FINALLY: Mardi Gras Is Banning Cops From Conducting ‘Public Decency Inspections’ At The Parade

Members of the Sydney Gay and Lesbian Mardi Gras have voted to remove an agreement with police to conduct “decency inspections” on people marching in the parade.

About two-thirds of members approved a motion to remove the Police Accord that supported the inspections.

The accord was an agreement between Mardi Gras and New South Wales Police to carry out “a visual inspection of those intending to take part in the Mardi Gras Parade so as to ensure that public decency is not offended”. It meant a police officer was accompanied by a Mardi Gras official to carry out the checks and ensure people were complying the the law, and meant it was an official, not a police officer, who would be the first to approach anybody in breach.

The rule, set up in 2014, was controversial due to the queer community’s historic mistrust of police. It was set up in response to allegations of police brutality at the 2013 parade. Inspections involved a police officer and a Mardi Gras representative checking marches did not violate public nudity laws or display offensive material.

Queer community groups have welcomed the outcome. Riley Brooke, who ran for the board of the Pride in Protest group, said “it’s fantastic that members have supported tearing up the police accords.”

“The police as an institution – historically and to this day – enacts enormous violence upon not only the queer and trans community, but First Nations people, sex workers, poor people, disabled people and more,” they told the ABC.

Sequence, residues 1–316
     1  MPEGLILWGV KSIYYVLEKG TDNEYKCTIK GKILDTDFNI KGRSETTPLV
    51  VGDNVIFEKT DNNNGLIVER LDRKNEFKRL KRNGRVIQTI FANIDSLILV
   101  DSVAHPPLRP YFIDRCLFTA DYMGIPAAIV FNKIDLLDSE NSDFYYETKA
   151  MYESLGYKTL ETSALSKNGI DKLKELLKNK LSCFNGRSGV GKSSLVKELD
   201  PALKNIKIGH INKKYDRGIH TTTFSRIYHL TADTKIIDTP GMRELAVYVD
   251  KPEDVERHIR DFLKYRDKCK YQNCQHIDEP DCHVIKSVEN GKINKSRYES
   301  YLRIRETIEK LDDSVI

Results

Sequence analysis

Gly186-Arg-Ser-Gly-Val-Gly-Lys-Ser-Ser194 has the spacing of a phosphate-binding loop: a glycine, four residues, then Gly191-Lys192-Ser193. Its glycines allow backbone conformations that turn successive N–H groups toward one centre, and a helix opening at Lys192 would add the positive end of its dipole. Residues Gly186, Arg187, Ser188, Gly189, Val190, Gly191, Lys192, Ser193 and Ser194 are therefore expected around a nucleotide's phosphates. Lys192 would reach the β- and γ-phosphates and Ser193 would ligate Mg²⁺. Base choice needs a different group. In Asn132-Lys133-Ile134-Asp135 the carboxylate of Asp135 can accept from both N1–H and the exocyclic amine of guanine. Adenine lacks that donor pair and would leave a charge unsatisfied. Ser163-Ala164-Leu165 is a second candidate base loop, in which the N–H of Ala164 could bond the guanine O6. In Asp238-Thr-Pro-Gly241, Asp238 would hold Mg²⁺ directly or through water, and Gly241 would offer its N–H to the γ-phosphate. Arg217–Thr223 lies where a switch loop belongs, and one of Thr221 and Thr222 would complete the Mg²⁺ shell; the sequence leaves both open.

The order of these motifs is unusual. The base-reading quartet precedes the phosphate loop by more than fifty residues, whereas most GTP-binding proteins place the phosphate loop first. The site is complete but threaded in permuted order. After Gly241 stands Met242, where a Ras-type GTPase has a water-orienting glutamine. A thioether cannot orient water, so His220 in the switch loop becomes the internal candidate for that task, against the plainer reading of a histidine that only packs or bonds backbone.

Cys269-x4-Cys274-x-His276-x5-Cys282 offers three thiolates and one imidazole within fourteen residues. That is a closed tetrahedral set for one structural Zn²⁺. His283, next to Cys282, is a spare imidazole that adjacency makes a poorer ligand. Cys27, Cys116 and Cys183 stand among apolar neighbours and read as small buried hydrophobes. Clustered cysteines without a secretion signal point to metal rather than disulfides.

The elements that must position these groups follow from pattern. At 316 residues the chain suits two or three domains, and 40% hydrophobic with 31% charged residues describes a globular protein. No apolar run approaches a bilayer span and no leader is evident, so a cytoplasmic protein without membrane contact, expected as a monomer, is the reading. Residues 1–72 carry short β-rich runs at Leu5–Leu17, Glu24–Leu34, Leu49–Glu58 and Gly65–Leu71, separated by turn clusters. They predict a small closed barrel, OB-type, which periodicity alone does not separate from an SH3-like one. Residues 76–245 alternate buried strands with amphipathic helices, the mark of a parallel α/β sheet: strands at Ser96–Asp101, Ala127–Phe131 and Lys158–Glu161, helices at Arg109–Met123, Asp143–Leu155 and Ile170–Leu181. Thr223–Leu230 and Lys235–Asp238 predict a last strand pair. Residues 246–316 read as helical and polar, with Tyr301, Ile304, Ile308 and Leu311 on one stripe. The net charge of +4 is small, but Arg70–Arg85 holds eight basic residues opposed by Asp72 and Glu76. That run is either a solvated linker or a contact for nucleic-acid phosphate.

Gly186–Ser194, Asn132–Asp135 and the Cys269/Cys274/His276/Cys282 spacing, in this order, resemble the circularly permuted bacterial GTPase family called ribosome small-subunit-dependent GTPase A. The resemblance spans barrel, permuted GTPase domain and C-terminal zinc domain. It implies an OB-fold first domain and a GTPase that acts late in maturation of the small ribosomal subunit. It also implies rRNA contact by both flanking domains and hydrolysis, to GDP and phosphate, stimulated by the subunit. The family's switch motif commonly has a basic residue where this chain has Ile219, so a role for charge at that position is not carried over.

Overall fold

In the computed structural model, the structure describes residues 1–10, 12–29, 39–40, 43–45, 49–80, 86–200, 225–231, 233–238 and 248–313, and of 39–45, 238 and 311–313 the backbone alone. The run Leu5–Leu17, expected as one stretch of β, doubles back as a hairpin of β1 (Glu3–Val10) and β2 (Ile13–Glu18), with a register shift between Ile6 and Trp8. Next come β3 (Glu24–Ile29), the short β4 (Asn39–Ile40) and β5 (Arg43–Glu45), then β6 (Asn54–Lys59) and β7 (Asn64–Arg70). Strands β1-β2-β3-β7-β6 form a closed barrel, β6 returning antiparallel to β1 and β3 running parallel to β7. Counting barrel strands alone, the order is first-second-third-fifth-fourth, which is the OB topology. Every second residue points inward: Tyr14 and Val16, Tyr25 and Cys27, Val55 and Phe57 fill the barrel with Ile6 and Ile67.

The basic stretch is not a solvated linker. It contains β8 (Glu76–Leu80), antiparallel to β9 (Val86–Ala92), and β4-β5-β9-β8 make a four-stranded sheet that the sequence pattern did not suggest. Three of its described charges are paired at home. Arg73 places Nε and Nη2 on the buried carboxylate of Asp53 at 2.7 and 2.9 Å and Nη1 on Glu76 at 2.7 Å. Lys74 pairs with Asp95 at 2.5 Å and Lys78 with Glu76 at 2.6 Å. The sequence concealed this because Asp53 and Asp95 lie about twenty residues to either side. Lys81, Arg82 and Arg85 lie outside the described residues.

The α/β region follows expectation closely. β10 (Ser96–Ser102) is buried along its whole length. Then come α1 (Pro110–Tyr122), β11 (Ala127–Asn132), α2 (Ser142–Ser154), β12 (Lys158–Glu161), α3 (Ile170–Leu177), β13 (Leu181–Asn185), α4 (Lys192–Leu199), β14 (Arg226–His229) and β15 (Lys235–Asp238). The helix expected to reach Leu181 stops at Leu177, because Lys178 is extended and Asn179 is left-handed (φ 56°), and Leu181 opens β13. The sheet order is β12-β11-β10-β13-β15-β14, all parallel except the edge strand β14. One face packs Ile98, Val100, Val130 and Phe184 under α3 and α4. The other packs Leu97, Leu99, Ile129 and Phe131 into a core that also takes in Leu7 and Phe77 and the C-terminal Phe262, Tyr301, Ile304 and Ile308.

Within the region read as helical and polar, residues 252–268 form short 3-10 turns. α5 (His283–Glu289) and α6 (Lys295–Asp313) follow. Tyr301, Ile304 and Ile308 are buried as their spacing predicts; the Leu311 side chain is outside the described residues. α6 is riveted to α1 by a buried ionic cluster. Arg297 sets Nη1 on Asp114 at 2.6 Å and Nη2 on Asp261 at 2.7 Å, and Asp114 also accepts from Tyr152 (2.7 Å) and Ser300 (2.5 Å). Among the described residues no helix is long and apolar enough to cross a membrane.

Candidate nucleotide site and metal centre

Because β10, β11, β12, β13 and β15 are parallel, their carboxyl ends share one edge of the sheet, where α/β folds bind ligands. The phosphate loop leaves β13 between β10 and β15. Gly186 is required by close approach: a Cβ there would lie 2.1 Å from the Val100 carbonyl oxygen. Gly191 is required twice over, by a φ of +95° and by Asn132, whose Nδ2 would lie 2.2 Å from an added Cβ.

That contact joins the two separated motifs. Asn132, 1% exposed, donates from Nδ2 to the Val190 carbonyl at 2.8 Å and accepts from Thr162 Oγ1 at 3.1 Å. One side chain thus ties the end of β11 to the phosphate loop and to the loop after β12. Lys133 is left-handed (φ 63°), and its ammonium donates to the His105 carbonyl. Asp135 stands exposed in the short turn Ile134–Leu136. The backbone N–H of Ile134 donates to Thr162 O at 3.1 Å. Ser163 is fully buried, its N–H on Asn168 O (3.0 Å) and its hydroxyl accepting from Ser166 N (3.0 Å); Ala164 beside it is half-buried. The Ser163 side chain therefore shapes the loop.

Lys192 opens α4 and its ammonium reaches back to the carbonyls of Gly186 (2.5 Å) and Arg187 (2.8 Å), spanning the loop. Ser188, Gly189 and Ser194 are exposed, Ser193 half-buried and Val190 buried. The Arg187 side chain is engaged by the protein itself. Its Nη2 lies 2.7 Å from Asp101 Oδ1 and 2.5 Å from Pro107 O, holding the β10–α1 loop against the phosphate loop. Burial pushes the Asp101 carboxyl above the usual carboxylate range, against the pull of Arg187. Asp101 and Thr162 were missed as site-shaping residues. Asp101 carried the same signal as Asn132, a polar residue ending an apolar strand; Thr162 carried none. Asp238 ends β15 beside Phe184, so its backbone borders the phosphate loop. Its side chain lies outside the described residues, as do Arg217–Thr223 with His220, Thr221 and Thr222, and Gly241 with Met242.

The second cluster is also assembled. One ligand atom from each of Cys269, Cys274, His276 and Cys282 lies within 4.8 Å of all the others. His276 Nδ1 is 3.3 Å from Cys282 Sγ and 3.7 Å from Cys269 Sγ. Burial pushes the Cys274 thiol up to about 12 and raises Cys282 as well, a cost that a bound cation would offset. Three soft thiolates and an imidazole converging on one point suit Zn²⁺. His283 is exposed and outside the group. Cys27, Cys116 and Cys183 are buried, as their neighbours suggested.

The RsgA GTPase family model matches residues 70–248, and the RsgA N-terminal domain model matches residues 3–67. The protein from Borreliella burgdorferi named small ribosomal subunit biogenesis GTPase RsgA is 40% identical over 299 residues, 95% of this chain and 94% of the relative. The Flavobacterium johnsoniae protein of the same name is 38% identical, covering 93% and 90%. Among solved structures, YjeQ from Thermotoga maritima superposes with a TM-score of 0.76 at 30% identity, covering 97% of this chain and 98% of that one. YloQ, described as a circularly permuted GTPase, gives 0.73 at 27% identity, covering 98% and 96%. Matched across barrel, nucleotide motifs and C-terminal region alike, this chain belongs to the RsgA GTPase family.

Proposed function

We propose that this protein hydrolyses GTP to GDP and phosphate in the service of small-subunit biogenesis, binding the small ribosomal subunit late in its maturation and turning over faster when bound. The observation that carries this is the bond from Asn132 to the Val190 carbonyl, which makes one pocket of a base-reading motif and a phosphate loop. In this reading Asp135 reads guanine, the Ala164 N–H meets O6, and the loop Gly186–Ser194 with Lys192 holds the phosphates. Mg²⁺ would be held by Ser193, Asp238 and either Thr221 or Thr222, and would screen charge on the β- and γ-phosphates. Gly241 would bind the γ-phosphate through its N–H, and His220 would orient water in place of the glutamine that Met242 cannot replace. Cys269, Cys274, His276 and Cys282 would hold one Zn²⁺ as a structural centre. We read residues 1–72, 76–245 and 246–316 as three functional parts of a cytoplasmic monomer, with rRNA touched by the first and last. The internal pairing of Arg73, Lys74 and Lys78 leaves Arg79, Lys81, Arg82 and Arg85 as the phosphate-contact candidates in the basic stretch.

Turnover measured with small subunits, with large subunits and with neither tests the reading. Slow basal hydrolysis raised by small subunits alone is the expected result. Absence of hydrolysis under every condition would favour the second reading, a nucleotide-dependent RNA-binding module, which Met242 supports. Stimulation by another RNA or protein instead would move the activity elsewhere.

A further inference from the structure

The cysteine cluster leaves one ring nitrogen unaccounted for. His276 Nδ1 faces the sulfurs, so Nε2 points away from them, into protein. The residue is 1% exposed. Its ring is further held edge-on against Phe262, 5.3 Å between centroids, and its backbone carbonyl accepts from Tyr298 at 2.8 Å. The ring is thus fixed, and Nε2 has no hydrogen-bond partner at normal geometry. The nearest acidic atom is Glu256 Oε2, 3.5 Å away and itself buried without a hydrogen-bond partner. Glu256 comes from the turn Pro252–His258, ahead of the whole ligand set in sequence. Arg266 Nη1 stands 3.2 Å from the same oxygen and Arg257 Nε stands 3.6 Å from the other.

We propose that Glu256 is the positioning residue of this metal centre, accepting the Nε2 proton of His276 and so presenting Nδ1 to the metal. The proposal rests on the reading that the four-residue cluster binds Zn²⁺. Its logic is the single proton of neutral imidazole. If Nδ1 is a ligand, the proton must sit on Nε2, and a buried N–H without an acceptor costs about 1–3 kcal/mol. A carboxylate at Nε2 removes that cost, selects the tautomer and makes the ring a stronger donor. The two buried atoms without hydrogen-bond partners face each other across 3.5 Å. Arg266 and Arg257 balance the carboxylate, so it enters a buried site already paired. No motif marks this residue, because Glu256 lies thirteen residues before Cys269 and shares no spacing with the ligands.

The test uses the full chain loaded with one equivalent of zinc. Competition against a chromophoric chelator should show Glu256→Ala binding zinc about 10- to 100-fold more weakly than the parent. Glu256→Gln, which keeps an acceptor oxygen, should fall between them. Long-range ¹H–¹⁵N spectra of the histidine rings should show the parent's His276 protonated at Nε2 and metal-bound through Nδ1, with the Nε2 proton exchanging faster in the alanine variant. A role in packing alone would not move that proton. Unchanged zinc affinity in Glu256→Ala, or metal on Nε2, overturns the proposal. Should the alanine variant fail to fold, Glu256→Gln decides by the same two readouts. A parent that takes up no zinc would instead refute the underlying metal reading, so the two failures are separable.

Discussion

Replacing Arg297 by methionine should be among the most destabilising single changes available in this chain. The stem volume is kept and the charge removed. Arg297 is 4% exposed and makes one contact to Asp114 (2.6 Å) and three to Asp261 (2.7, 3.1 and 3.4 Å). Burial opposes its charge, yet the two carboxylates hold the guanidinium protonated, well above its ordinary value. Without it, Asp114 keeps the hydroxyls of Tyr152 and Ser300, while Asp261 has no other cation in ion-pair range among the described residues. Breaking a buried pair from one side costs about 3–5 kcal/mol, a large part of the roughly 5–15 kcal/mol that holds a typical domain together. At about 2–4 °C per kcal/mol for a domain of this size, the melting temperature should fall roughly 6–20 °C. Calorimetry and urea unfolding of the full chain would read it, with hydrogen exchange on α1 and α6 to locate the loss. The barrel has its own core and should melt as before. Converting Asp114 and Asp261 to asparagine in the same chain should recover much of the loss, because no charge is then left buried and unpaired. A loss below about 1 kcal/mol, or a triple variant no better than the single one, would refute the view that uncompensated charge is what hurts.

“It’s disturbingly violent that Mardi Gras has invited police to conduct ‘decency checks’ … upon queer and trans people at Mardi Gras, and today the membership has said a resounding ‘no more’.”

A Mardi Gras spokesperson told the ABC that the inspections were “a general walk through to spot anything that may not fall in line with what’s required by law”.

“They are not individual searches or inspections of people. The Mardi Gras representative and Police representative go through this process together, not alone,” they said.

“By law Mardi Gras, as with any major event, is required to have a police operation. What the Accord does is allows Mardi Gras to have input into planning for a police presence, and it also ensures any policing activity is appropriate to the scale and risk of the event and within a culturally informed framework.”

Following the vote, the board must now consider the motion to remove the accord. It is unclear if any changes will be brought about before next year’s parade.